I know the reason to add screens but my personal opinion is it’s a mistake. Main reason is many patrons think they are coming to see a movie in a large cool theater but instead will be in a viewing room. The Englewood can make it as a single screen if run properly. We ran a late show of the original “Night of the Living Dead” with modest promotion and had a decent turnout. Also, avoiding past problems like a manager skimming off the top by hiring good help is also key.
If this is the theater I am thinking of, it was in the “red light” district and it was torn down brick by brick. It was on a corner and the theater was dismantled from the front to the back. It was interesting to see the cross-section of how a theater was constructed as it was slowly taken down.
I was living in Rockford when the front of the theater burned, started in a bar in a store front if I remember correctly. It completely gutted the stores, apartments and lobby. The roof caved in and then the weight of the marquee bowed the front of the building. I never thought it would be rebuilt with that amount of damage. Having survived this long it would be a shame to be lost now.
As for location, the theater took up the entire southeast corner of 63rd and Kedzie. There were store fronts that fronted the sidewalk but the theater for the most part had the entire corner to the alley.
I watched the theater being torn down while I was in high school (Lindblom). The building was not built to be torn down. It took them months to get it down. The iron ball would take a swing at the auditorium wall and a few bricks would fall off.
Mr. Bill Hooper was in the process of restoring the organ when the University sold the theater to the city. From what I can gather, the city hired a couple of guys to maintain the place that we lets say less than qualified to do so. Bill got frustrated and stopped his work. I had done quite a bit of wiring in the organ chambers and soldering some pipes. At this point there is no telling what happen to the organ. But the last I saw the blower worked, all new air pipe and we were tooting pipes by hand.
Anyone ever consider flying a screen and show a classic film now and then?
I help Fran and George put in those 3 new screens. I first met them on a trip to Higginsville to see “Way Out West” there. At that time I helped George convert the main theater sound to stereo and put in surround sound. I still go there once in awhile but I work in Saint Joseph and it’s a long hike. These two people are the nicest people you could ever know. If you ever get there George would be glad to give you a nickle tour.
If you look at the facade on the front of the building I believe I remember it is full of light bulb sockets in patterns around everything. That building would have looked spectacular at night. If those are sockets, at this point if time I’m sure they are unusable. The projection booth had RCA projectors and the main old mono power amplifier I believe used 807 power tubes and still was in operation in 1960 when I worked for the chain. Someone might be able to get a grant to restore it if it is restoreable.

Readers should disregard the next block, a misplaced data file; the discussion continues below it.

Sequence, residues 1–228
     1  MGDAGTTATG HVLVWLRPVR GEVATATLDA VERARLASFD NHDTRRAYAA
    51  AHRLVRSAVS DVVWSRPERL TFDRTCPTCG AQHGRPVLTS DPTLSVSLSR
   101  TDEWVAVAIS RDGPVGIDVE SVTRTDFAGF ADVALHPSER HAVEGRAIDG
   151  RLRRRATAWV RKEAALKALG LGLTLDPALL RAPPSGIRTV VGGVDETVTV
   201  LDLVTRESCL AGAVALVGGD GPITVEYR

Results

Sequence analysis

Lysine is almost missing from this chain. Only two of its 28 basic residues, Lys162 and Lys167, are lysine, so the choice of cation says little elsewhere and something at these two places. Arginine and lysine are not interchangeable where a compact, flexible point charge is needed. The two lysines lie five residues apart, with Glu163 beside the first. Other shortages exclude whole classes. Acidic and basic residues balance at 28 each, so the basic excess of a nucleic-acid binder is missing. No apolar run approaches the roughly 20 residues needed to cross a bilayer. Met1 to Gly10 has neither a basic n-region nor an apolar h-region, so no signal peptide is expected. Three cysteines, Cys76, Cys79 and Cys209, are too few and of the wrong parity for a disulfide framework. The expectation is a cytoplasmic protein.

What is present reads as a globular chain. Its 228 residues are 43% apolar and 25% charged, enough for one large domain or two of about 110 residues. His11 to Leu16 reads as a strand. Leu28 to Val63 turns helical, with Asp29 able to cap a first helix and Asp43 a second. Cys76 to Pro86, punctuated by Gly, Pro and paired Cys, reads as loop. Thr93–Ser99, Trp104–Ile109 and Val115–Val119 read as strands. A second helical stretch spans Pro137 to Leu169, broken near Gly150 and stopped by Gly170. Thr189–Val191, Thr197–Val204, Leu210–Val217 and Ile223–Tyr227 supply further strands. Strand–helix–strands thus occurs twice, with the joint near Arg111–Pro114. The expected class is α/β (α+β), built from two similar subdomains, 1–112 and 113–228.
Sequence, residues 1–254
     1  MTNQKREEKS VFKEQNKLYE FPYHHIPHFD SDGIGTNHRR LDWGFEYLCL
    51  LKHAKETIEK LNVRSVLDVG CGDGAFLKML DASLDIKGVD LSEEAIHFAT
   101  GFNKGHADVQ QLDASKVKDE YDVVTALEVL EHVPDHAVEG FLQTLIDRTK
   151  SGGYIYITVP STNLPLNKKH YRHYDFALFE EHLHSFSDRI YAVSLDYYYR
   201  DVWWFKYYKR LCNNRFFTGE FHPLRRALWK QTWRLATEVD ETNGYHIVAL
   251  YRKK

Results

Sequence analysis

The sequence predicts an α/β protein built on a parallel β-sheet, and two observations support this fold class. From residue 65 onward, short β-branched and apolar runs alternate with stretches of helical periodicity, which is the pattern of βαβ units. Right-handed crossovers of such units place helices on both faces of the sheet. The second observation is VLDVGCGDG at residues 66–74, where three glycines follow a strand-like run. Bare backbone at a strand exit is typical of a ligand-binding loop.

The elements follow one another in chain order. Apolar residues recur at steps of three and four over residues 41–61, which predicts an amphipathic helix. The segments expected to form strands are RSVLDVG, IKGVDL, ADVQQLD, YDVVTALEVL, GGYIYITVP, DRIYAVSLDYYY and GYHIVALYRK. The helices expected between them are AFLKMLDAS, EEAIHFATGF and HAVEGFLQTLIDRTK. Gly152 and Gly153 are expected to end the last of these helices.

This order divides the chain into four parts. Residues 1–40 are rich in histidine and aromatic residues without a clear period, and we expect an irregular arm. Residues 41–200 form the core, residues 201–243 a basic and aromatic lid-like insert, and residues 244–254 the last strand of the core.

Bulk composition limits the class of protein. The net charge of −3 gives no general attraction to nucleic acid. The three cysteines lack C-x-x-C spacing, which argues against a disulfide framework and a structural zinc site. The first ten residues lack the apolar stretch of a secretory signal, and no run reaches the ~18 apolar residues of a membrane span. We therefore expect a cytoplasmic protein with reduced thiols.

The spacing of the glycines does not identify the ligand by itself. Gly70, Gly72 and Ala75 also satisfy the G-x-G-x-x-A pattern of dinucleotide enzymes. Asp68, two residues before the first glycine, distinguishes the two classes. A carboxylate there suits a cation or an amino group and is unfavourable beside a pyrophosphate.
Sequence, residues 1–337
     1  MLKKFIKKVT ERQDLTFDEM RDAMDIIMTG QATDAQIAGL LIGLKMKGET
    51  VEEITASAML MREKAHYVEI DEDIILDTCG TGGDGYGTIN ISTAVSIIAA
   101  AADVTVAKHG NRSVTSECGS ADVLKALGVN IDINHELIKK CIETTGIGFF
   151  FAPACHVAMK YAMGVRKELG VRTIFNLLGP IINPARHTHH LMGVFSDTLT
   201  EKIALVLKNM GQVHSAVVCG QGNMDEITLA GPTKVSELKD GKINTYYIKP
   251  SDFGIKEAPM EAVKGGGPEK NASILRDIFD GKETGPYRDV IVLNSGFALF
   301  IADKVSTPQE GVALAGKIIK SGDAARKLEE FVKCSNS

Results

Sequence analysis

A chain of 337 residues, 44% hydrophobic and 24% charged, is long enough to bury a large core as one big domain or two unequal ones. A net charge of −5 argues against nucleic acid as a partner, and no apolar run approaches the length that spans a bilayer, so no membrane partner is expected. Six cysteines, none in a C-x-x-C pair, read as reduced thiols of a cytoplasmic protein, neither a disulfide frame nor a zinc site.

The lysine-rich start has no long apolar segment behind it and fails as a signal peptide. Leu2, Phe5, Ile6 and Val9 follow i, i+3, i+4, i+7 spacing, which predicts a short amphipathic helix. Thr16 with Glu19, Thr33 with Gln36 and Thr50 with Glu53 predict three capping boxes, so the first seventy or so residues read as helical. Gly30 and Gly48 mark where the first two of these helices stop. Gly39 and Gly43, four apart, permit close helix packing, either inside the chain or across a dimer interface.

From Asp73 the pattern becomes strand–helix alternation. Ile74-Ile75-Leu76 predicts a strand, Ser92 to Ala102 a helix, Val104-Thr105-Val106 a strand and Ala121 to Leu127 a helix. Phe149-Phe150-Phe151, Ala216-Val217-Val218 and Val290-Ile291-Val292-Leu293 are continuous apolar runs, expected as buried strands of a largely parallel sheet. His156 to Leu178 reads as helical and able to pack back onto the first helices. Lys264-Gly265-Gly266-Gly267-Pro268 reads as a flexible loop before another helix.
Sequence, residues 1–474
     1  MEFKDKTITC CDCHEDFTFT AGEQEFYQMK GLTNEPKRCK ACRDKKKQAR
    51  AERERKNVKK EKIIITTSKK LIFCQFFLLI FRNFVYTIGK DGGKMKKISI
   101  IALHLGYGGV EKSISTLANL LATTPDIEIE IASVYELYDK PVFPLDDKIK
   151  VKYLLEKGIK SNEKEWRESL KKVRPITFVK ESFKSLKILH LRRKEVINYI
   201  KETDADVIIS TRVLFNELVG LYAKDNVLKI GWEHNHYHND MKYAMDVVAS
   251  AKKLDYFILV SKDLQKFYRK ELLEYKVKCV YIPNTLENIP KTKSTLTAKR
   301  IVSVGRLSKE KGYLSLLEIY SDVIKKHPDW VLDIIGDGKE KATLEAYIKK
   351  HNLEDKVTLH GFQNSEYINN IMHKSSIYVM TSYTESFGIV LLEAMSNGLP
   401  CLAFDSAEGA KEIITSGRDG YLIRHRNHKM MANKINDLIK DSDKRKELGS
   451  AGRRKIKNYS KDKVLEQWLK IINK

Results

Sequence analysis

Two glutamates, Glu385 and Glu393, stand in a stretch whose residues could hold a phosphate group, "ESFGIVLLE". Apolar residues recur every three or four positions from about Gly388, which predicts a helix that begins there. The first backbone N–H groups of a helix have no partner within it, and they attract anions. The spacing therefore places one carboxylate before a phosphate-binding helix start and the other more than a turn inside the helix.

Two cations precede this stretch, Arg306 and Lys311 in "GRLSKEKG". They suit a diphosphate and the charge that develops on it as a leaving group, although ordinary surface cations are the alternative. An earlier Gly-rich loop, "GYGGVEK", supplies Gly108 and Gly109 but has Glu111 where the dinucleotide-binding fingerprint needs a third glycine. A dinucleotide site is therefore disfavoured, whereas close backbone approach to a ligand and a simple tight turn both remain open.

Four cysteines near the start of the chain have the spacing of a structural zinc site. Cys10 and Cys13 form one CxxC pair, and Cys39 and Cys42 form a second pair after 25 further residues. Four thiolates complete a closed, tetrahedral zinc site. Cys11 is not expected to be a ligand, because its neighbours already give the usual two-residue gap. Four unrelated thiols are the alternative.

“cinema of no particular architectural merit” I wanted to mention that as well as the old silent screen behind the cinemascope screen was a lot of fancy plaster work that could not be seen. The original silent screen was quite small and around it was plasterwork extending out to the exit doors on both sides of the cinemascope screen. The lobby had beautiful woodwork in it. Somewhere I have a couple pictures of the theater. If I find them I will post a link here.
The Marquette had a major fire during installation of the cinemascope screen. One of the installers using a torch set the screen on fire. It took out the front of the auditorium and is why in later years there were just flat plain walls on both sides of the screen. Once while re-lamping the dome I found evidence of the fire up in the attic. Louie the projectionist was a gem. He had a bad habit of missing cues so he would thread up on the picture. If he got the cue he cut off 8 seconds of the next reel. If he missed the cue he would switch with the projector coming up to speed.
I also worked for the Stern’s who owned the Colony, Marquette and Hiway. In 1960 the pay rate was .65 hour. In the 70’s I believe, they had the organ chamber plaster work knocked off both sides of the stage and plastered flat. Then a huge shower curtain installed. I think the old red velvet stage curtain looked better with the pipe chambers intact. For me they ruined the theater. Back stage there was a black board by the stage entrance, you could still barely read the last stage acts that played there.
As a teenager I worked in the Hiway in the 1960’s. I got to know the projectionist well enough that he let me run the show once in awhile (quite a feat considering how tight the union was). Behind the cinemascope screen was the original silent screen still on the back wall. I re-lamped the auditorium once, had to use a huge extension ladder to do the pillars on the walls. Inside the exit signs over the lobby doors were no longer used gas jets. I understand the organ was sold to a church for $100 years earlier.